This doesn’t mean that mentors need to have all the answers. As we said above, a truly great mentor is there to learn alongside you and exemplify the joy of discovering and implementing new knowledge.
Still, they should have several years of experience and know the ropes of the industry. The idea is that they can share the pitfalls of a career in this industry with you, as well as tips and tricks they wish they had learned earlier in their careers.
Honesty and integrity. Great mentors aren’t just exceptional at their jobs — they’re well-respected for their ethics as well. They keep promises, hold themselves accountable, and don’t take or encourage shady shortcuts that are unprofessional or underhanded.
In other words, look for the mentor who tells you straight up that it’s going to take time and dedication to grow into your role, not that you can cheat the system with professional hacks to get around annoying parts of the job.
Adaptability. A good mentor will be upfront that the advice they give won’t work for every situation. Rather than show you one way of doing things, they’ll explain their approach to various problems and situations They won’t give you a fish — they’ll teach you how to fish, as the parable goes..
By giving you the tools to make more effective decisions on your own, a good mentor sets you up for long-term success, rather than overnight improvements that are narrowly focused. The ideal mentor is someone who models the ability to adapt on the fly and showcases the value of having such a deep knowledge of the field.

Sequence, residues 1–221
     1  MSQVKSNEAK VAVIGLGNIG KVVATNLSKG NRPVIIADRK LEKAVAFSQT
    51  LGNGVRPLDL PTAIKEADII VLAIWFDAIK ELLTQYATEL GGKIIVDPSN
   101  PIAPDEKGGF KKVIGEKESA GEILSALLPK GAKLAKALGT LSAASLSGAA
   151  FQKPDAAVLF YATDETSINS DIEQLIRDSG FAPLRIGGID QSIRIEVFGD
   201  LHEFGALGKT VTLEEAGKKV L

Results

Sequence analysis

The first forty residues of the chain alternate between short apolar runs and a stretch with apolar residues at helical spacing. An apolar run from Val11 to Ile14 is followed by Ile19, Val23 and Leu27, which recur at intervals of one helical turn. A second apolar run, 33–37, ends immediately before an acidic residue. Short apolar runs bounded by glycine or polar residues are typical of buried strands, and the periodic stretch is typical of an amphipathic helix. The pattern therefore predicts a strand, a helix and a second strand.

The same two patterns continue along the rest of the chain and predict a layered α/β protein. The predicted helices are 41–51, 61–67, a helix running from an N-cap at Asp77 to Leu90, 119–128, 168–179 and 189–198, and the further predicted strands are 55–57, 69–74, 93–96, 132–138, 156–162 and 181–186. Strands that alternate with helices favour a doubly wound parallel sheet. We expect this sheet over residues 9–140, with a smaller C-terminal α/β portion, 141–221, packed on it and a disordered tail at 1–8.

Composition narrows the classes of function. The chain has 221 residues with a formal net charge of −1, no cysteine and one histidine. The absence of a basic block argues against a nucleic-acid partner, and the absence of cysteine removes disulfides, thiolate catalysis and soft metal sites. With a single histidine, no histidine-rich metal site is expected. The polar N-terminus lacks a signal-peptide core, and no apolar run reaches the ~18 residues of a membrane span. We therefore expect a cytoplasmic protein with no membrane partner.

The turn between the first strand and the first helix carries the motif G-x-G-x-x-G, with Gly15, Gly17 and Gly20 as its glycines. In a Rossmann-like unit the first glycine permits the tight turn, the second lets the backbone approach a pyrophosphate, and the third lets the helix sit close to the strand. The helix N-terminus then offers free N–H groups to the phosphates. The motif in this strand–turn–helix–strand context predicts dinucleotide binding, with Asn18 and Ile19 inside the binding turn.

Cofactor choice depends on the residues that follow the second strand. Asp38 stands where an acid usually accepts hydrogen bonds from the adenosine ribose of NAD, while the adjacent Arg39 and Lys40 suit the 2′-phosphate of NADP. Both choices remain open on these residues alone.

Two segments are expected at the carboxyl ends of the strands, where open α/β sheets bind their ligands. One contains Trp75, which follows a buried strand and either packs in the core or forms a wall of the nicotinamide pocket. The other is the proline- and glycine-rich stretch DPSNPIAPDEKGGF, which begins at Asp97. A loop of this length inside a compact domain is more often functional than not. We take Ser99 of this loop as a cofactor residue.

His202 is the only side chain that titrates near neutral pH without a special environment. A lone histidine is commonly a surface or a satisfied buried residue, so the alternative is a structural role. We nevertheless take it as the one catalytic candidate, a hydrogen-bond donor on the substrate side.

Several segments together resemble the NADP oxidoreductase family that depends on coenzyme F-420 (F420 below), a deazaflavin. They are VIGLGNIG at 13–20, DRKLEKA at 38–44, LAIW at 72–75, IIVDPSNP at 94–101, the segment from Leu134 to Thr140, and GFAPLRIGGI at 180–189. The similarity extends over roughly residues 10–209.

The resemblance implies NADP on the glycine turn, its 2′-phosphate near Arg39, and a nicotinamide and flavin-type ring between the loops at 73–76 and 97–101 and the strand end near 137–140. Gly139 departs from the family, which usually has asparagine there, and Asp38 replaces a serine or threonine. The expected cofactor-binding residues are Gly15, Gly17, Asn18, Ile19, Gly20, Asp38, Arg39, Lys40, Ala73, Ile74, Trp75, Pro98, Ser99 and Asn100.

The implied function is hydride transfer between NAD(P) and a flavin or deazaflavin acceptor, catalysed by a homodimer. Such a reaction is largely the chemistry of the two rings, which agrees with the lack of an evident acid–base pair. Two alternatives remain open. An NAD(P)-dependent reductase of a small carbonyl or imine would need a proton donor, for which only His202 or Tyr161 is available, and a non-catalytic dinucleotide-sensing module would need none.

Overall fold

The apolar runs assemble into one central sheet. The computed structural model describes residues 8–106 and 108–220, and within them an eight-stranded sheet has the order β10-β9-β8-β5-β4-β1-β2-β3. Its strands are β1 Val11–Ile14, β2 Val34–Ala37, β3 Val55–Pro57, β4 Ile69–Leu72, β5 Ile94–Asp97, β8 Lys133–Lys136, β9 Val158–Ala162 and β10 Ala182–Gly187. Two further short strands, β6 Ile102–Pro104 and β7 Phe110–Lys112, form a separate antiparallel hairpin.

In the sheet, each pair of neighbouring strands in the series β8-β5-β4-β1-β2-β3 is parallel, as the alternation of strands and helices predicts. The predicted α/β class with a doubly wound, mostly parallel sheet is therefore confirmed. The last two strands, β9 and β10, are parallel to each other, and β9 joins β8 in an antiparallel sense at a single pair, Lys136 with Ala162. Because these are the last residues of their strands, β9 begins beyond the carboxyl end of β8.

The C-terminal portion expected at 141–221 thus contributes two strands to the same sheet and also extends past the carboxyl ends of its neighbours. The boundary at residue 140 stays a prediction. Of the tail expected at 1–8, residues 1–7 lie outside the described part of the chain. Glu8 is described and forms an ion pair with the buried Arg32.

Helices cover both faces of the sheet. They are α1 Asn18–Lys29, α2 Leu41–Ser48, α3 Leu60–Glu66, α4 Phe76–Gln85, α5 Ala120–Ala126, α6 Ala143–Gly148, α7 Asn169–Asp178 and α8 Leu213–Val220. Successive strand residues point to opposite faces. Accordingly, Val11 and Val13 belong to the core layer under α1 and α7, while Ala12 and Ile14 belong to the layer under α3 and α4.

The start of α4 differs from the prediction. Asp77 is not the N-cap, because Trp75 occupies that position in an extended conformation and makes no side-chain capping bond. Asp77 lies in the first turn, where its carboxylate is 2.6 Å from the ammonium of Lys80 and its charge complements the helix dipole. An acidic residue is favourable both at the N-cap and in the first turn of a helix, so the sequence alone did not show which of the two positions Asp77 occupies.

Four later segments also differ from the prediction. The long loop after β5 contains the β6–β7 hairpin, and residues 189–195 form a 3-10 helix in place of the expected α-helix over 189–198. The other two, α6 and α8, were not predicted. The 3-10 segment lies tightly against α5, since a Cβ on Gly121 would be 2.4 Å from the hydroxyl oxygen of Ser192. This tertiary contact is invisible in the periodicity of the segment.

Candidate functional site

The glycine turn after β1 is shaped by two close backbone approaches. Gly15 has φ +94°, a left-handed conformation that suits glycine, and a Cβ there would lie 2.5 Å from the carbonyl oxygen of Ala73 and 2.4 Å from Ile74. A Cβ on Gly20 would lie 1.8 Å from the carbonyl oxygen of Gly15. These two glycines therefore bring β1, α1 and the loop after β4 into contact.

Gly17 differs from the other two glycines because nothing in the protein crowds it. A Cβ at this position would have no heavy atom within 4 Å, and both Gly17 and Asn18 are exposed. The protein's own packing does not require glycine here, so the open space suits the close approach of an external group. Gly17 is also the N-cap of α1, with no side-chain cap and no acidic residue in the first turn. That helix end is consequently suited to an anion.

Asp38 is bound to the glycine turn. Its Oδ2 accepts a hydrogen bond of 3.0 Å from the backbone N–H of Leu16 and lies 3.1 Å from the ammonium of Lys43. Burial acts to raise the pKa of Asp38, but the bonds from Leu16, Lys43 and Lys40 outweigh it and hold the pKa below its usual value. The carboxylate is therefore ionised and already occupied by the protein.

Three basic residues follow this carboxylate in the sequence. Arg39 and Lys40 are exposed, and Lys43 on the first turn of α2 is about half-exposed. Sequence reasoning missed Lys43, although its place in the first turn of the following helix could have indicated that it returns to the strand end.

Networking skills. Mentors are great, but nobody knows everything. Really special mentors know how to network not just for themselves, but also for their mentees. They’ll put you in touch with people who have the knowledge you seek but they don’t feel confident teaching.
A mentor who really has your back isn’t there just to help you succeed at this particular company; they’re there to help your career go well, regardless of who you’re working for. They’ll be valuable allies when you’re thinking of switching jobs or even careers.
Positivity. A mentor who speaks negatively about the field or people at the company is not a great role model.
Instead, look for someone who has a positive outlook on their industry. Mentors who are goal-oriented and emphasize the positive aspects of your learning experience are the ones that make the most significant impact on their mentees.
Model behavior. For a mentor to have credibility, they have to do more than just tell their mentee how to be and what to do — they have to live those things as well. If you get a mentor who tells you one thing but does another, that’s not a good sign.
Either their advice is bad or their behavior is, but either way, you’re getting mixed messages. If you’re a mentor yourself, be sure to practice as you preach.
Good fit for mentee. Ultimately, a mentor-mentee relationship is just like any other in that personal chemistry is vital. You could be the most enthusiastic student and your mentor could be an industry expert who achieved the exact career you’d like for yourself. It doesn’t matter one bit if your personalities clash.
At the end of the day, you’re sharing your biggest anxieties, accomplishments, and curiosities with this person — make sure it’s an individual you feel comfortable sharing with and enjoy talking to.
Characteristics of a Bad Mentor
Overall, what makes a mentor good is being well-liked by the mentee and showing up for the role. Therefore, a bad mentor is just the opposite.
Here are some characteristics of a bad mentor that anyone hoping to become a mentor should avoid: